Convertible bonds

Motley Fool  Sep 14  Comment 
Convertible bonds do have advantages, but they also have real drawbacks investors should be aware of.
Financial Times  Aug 15  Comment 
2018 has become an ideal time to sell a combination of debt and equity
Financial Times  Jun 8  Comment 
Market on pace for the biggest volume of issuance since financial crisis


Convertible bonds are hybrid securities that have both debt and equity features. Like a normal straight bond, the buyer receives coupon payments at the interest rate specified on the bond until maturity, when the company redeems the bond at par. However, the bond holders also have the option to convert the bond's value into the issuing company's shares at an agreed-upon pre-specified ratio.

Advantages and disadvantages for the investor and the issuer

Because of its dual nature as a bond and an equity option, convertible bonds allow investors to participate possibly in the upside gains of the stock while protecting possible downside through the guaranteed continuous coupon payments. Companies have incentive to raise convertible debt, rather than traditional debt, because the interest payments on convertible bonds are usually lower, thus allowing the issuer to lock in a lower long-term financing cost when compared to traditional debt.

However, most convertible bonds are structured as unsecured debt for the issuer, meaning that if the issuing company were to become bankrupt and default on the bond, the buyer of the bond has a lower priority claim on the company's assets, after the secured straight debt holders have been paid off. Therefore, although the possible upside gains on the convertible bond is higher than a normal bond, its default risk is also relatively higher.

Convertible bond terminology

Relevant convertible bond concepts can be separated into two categories due to its dual bond-and-equity nature:

Bond portion

  • Par Price / Par Value: Usually $1000 per bond, the par price of the convertible bond is the cash value of the bond at maturity.
  • Maturity: This is date on which the bond can be redeem for its par price. A convertible bond with a maturity longer than ten years is also known as a convertible debenture.
  • Coupon / Interest Payment: Usually given as an annual percentage, the coupon payment is the steady stream of income paid out to the holder of the bond. For example, a 3.5% convertible bond with a par price of $1000 will give $35 in coupon payments each year.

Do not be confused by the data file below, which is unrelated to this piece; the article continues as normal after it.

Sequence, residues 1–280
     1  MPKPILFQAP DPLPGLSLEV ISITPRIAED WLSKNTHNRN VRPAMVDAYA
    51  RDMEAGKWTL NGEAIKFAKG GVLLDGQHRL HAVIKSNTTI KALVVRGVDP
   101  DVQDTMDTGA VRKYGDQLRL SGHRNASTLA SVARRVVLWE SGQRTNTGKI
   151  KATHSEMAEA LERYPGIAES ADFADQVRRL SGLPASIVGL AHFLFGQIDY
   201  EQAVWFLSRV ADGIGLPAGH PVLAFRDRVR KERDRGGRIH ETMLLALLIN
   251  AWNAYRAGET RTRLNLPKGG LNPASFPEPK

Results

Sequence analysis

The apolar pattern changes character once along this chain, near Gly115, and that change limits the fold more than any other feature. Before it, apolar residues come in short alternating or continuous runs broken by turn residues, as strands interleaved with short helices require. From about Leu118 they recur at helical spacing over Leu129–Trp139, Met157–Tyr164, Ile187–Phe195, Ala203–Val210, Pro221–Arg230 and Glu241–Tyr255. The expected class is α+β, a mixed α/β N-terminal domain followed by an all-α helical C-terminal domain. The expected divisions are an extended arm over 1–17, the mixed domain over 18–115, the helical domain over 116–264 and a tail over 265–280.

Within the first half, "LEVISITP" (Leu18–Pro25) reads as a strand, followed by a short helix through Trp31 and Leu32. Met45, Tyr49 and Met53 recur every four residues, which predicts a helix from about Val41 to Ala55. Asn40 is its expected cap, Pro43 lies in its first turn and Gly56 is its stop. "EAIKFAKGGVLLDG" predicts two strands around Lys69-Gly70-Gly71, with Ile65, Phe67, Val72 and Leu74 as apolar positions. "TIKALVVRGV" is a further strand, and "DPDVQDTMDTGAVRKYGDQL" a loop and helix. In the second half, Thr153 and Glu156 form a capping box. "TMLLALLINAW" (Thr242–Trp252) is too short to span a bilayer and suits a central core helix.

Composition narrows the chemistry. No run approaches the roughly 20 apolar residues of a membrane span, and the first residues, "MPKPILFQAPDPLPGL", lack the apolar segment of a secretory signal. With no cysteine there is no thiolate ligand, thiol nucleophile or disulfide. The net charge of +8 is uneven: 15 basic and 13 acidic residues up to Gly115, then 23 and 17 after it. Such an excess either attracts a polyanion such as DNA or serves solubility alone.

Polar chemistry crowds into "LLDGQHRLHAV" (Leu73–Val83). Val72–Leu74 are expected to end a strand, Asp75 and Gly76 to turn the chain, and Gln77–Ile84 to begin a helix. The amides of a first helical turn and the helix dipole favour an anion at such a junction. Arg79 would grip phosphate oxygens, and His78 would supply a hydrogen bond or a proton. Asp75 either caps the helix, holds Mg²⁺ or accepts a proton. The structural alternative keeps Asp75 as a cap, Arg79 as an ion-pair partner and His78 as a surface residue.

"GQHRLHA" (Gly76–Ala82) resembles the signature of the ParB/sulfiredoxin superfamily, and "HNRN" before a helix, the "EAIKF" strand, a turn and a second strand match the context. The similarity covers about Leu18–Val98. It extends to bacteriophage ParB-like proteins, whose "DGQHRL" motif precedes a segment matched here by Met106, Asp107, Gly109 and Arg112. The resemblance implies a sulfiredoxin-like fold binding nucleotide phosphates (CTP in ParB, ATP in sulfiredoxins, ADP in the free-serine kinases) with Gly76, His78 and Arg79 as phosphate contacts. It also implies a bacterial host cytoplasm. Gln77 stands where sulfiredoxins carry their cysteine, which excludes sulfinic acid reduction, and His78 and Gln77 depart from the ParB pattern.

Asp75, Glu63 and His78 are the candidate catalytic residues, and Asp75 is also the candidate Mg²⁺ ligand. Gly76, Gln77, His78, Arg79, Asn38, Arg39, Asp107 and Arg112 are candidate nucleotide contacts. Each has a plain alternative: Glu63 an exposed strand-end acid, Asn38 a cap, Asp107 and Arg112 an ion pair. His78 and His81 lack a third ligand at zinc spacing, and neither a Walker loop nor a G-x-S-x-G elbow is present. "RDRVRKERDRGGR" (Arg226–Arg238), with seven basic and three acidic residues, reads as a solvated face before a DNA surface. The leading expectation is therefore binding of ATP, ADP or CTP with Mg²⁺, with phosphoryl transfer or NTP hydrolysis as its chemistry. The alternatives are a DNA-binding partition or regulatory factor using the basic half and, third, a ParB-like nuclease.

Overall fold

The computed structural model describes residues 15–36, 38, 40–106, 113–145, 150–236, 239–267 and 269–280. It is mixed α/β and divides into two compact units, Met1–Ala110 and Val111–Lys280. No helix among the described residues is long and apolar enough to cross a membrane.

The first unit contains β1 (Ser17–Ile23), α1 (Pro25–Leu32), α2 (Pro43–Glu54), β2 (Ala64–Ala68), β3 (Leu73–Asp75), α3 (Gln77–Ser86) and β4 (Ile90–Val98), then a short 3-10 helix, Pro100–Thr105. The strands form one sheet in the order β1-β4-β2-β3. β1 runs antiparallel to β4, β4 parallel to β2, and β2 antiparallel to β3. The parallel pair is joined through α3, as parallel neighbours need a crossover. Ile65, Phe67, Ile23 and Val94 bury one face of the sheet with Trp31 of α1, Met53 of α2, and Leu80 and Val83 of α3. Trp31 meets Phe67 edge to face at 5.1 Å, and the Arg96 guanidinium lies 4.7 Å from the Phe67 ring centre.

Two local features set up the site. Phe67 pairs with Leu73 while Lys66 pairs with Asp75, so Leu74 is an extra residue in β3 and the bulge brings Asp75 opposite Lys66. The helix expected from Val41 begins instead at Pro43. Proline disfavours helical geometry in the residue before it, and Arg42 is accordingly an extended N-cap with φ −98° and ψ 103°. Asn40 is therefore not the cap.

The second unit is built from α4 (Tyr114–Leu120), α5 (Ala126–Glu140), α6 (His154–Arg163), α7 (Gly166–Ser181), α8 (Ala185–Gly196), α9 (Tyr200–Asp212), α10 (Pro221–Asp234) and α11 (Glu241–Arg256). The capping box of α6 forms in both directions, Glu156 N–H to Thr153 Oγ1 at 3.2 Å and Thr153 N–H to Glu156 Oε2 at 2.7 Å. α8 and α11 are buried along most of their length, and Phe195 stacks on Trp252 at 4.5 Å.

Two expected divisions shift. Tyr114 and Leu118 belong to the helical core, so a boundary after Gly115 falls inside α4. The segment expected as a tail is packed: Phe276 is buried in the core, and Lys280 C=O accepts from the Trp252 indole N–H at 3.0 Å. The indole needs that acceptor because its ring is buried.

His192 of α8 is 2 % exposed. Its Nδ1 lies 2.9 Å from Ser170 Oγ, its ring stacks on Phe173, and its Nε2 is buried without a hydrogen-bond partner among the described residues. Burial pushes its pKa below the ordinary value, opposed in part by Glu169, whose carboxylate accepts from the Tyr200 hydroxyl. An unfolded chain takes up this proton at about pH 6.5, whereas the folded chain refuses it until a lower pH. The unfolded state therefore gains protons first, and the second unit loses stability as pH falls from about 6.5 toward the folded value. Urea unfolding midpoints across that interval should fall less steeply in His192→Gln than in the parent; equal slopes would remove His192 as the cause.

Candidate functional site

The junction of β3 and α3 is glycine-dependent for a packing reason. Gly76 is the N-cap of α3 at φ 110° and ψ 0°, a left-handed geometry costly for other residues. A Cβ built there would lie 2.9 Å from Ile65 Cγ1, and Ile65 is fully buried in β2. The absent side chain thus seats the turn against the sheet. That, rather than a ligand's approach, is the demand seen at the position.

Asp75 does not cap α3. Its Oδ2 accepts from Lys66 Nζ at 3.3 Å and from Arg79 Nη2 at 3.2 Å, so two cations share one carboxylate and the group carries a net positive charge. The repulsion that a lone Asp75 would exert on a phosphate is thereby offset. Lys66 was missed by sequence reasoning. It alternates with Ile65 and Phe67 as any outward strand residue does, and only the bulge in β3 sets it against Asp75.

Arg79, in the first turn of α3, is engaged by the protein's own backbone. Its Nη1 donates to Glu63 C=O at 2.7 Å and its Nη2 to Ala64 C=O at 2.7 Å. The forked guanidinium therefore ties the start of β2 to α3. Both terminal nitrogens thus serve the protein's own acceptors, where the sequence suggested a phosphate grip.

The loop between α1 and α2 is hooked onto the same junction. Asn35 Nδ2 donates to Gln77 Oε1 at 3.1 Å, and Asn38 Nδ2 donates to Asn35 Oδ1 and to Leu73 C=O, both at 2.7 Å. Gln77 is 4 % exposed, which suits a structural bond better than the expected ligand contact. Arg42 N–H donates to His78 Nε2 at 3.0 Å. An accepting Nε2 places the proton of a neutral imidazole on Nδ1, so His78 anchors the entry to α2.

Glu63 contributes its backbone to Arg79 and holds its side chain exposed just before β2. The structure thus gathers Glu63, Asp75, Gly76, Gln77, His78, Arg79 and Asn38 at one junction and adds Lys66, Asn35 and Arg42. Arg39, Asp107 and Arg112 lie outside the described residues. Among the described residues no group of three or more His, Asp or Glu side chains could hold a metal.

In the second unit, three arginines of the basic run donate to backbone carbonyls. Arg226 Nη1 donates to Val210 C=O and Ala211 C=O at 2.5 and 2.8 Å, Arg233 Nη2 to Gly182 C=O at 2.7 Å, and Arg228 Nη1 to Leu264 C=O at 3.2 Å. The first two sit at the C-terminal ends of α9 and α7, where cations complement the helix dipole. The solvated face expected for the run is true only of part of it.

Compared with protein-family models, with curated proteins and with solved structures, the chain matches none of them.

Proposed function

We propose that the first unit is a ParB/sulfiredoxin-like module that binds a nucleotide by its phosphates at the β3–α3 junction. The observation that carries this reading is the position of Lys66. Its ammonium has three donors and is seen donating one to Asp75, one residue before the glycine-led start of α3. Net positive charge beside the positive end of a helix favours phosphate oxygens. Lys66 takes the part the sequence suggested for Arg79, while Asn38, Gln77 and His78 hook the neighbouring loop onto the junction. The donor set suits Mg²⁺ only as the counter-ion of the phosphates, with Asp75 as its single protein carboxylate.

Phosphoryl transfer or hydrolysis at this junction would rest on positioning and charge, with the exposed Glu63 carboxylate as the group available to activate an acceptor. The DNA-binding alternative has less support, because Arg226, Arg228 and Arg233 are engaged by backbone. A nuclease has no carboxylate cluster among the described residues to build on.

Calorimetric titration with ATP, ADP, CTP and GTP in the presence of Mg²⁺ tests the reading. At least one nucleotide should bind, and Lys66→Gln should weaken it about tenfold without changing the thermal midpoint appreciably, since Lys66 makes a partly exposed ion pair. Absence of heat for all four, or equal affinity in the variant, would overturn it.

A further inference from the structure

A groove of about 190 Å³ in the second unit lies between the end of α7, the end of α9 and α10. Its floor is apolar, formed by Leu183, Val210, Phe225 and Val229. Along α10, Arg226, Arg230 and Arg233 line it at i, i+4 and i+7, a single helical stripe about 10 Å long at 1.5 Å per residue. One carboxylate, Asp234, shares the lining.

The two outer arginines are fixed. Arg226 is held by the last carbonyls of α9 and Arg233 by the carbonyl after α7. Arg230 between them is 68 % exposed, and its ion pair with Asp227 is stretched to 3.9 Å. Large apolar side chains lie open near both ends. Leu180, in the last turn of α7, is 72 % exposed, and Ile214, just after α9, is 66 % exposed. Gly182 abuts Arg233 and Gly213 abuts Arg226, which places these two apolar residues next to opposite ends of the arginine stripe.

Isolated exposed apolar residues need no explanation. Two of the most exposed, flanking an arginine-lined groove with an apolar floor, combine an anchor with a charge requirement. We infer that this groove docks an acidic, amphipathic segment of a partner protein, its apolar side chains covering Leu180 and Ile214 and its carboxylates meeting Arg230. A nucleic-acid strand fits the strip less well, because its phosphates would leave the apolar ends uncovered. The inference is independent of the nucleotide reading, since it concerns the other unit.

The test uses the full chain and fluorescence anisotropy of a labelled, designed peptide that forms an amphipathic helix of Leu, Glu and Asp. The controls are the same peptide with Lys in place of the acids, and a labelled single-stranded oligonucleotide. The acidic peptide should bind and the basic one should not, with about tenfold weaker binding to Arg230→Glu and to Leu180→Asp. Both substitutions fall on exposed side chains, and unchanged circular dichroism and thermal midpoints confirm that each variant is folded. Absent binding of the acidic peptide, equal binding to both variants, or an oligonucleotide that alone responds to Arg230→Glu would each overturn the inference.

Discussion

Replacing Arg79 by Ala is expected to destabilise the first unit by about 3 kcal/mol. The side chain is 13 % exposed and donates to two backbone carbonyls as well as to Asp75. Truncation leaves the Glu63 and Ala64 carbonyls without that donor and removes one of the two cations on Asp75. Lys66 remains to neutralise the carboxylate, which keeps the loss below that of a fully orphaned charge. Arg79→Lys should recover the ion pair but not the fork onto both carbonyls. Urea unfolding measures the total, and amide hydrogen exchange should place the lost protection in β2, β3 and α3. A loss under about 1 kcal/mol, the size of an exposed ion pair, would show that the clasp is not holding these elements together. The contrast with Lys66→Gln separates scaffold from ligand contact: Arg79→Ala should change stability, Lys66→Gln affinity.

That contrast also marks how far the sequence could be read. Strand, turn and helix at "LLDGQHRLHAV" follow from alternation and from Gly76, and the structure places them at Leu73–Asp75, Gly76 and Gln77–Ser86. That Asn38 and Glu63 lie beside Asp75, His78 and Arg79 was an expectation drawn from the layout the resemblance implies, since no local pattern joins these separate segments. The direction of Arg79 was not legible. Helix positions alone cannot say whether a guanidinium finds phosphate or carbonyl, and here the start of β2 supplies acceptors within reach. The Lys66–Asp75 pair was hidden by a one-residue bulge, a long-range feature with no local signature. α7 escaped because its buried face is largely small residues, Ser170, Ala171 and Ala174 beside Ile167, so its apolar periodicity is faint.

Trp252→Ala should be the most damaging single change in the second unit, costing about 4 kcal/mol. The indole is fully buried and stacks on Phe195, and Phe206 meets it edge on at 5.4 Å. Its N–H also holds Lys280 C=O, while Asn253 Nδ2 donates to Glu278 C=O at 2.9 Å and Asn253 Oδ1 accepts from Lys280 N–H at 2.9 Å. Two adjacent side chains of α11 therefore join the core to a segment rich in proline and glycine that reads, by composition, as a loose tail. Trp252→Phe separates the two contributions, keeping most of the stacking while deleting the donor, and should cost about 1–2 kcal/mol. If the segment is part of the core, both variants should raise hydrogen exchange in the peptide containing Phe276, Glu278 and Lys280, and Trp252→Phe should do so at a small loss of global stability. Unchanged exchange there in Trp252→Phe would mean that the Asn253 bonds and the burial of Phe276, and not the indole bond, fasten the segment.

Equity option portion

  • Conversion Ratio: This gives the ratio at which a convertible bond may be converted into shares of stock. The conversion ratio is always calculated by dividing the par price of the bond with the conversion price, i.e. the price of the stock at conversion. For example, a convertible bond with par price $1000 can be converted into stock at $20/share, which means this bond has a conversion ratio of 50 ($1000 divided by $20).
  • Current Stock Price: The current stock price is used to calculate the value of the equity portion of the convertible bond. For example, if the bond's conversion price is $20/share, then the buyer of the bond will choose to convert the bond into equity if the stock is now $25/share but will hold on to the bond if the stock is below the conversion price.

Valuation of convertible bonds

The valuation of convertible bonds can be quite complex because of its dual nature as a normal bond and as an equity call option. Conceptually, the value of a convertible bond can be calculated in two steps, by first valuing the straight bond portion and then calculating the worth of the call option. A convertible bond that is exactly fair-valued should have its bond piece and equity call option piece add up to exactly its market trading price.

Useful internet resources for calculating the value of a convertible bond

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